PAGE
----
It is interesting as well to practise the basic techniques with targets, not only to exercise precision, but also to develop the mindset and relaxation of the body appropriate for an effortless efficiency of techniques. For thrusts, Cì or Zhā, cloth-pegs hung on a string at throat level make pretty convenient targets. Targets for cutting techniques are more difficult to set up: cuts are supposed to pass through the target, hence hard resisting targets are out of question. Non ligneous plant stalks or a slab of clay can make appropriate cheap targets for test cutting without requiring a dangerously sharp blade. Clay works quite nicely with a regular blunt sword, but do not use your favourite one or be prepared for intensive cleaning of your sword after the session. Make sure as well that clay does not get soiled with pebbles or sand to avoid damaging the blade.
Those exercises build up the basics which in combination constitute the source of all the techniques that can be practised in the more diverse context of the form.
The form is a set of movements arranged in a continuous succession of techniques which some practitioners present as a mock fight with an imaginary opponent.
However, I personally think that this is not the complete story: although the movements of the form are martial techniques indeed, the whole set does not constitute a single combat from start to end. Techniques are rather arranged in short series, which the European tradition calls ’pieces’, describing a variety of situations where these techniques may be applied. Variations are given throughout the form and as most movements may have several applications, series may overlap or describe varying situations.
The form is much more than a catalogue of techniques, it is the source from which all applications proceed according to the infinity of possible situations. As an actualisation of the Yīn/Yáng principle issuing from the Tàijí, the Tàijíjiàn form contains all the potentialities for the generation of countless applications. Performing the form is thus generating a potential for infinite creativity, reserving the practical expression of techniques for their application in real situations.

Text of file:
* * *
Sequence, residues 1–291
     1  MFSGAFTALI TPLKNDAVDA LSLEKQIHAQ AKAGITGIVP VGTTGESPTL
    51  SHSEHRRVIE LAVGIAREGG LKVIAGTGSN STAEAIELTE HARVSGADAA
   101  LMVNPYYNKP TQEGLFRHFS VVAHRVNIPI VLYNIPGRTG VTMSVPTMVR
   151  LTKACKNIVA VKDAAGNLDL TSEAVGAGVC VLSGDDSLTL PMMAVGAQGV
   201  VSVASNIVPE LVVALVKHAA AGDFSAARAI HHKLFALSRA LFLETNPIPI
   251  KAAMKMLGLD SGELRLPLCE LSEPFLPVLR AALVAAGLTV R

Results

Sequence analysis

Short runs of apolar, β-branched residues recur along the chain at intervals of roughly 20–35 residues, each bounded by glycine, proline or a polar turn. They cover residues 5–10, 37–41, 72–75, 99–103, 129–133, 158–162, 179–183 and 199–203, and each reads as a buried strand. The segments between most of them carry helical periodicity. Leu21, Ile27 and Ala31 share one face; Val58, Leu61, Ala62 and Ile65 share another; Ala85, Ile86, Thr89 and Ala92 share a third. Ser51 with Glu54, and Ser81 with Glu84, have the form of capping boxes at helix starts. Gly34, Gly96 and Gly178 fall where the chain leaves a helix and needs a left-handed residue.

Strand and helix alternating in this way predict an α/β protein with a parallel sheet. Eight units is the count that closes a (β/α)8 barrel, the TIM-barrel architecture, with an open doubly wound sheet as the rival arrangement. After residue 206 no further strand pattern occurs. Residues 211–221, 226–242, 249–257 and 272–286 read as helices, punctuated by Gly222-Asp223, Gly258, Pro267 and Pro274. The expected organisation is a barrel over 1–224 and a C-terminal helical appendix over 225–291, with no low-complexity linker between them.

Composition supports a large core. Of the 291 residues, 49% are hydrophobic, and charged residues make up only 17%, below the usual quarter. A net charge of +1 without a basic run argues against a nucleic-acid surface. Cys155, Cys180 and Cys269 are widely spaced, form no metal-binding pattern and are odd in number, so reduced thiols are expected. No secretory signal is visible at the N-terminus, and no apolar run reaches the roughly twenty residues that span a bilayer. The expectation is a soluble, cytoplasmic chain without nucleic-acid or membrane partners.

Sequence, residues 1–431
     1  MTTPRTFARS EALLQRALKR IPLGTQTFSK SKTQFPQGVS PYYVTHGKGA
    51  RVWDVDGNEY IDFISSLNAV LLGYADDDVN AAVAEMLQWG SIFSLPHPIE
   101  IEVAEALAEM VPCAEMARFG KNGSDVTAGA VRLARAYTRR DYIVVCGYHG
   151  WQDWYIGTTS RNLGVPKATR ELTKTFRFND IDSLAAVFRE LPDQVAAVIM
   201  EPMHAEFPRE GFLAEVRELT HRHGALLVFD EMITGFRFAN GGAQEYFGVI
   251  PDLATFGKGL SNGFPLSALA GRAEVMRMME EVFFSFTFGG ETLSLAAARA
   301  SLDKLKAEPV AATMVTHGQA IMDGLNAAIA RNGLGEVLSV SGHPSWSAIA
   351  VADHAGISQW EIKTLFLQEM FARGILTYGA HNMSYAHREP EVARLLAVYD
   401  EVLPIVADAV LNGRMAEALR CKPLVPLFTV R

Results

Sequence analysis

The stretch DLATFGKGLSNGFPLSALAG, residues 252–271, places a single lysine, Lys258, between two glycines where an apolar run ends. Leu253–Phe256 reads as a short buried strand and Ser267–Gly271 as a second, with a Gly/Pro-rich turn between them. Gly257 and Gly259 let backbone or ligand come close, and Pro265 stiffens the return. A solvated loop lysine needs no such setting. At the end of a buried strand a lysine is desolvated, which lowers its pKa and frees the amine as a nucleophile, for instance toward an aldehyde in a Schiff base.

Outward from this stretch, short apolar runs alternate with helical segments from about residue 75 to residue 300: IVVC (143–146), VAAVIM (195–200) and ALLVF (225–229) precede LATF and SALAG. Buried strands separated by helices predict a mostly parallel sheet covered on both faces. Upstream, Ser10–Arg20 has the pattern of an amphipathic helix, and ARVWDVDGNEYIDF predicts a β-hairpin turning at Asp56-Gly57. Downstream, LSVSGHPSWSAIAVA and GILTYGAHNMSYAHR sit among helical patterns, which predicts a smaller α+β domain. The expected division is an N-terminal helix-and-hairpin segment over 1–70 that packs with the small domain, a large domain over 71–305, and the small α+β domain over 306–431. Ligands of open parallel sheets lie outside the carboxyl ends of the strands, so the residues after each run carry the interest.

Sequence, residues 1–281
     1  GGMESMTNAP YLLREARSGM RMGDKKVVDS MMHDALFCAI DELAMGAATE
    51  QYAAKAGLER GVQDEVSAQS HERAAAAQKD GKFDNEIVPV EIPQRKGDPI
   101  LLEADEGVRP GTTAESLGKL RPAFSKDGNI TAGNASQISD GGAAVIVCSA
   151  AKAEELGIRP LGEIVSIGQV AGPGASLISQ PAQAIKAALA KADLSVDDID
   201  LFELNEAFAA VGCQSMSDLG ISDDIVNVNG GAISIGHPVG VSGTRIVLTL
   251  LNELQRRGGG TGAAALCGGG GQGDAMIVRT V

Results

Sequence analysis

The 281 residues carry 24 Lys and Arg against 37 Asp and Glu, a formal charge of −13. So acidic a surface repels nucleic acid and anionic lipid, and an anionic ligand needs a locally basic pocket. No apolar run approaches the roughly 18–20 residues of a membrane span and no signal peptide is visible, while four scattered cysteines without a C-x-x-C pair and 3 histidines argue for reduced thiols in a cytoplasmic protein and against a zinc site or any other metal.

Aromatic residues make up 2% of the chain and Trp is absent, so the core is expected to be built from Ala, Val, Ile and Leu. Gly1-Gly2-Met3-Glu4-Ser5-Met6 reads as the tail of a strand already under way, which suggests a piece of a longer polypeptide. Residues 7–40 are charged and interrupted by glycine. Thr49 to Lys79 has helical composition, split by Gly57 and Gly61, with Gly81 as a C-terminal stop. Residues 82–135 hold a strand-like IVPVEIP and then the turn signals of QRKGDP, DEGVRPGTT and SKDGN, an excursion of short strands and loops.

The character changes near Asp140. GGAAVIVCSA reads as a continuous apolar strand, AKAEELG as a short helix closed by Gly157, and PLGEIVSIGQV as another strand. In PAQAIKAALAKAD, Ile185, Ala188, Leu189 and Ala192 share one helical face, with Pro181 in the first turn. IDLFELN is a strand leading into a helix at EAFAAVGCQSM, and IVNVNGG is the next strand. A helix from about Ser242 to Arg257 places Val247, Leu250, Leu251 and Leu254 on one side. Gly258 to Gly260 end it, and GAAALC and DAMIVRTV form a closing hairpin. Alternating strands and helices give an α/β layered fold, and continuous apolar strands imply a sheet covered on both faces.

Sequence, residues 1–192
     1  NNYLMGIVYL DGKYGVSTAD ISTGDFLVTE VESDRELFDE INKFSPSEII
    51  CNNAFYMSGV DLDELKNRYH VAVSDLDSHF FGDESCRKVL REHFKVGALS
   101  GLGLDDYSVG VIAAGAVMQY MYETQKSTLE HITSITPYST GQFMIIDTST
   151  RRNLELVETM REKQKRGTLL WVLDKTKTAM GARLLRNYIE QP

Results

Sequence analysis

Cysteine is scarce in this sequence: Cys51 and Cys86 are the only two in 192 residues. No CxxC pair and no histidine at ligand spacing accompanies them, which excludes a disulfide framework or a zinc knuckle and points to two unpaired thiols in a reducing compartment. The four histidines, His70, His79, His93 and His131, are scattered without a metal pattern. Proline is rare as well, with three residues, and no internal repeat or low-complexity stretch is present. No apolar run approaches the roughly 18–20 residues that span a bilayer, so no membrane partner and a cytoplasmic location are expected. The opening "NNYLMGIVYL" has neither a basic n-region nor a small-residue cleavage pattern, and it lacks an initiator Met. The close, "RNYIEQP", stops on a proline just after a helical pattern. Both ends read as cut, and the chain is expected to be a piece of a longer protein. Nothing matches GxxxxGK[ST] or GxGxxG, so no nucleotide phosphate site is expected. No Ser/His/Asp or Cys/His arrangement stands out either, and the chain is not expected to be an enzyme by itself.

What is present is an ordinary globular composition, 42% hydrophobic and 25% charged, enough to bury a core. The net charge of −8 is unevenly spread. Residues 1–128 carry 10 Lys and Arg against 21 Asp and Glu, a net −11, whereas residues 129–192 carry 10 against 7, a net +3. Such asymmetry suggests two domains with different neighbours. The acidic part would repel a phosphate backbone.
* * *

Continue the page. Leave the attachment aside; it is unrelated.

In my opinion, the form is therefore essentially a tool for achieving a better understanding and embodiment of the Tàijí principles. Memorisation is only a beginning: what is truly trained when practising the form is Yīn/Yáng transformation and directing the Yì as a continuous yet ever-changing flow. Gradually, with practice, unity with the sword can be achieved, the form becomes more and more internal, gains in fluidity, feels easy and natural. Until ultimately, I like to think that the body and the mind are delivered from all their tensions, and nothing remains but pure Yì effortlessly generating the form.
The form, however, is not only a mental exercise but it also physically trains the body. Some movements have indeed an exaggerated amplitude to develop strength, balance and flexibility. Others are clearly intended to be spectacular and demonstrative. Every Tàijíjiàn form is thus made of a mixture of internal martial training, gymnastic exercise, and spectacle. Discerning how these characteristics are actually expressed in the different movements allows the practitioner to favour at will one aspect or the other.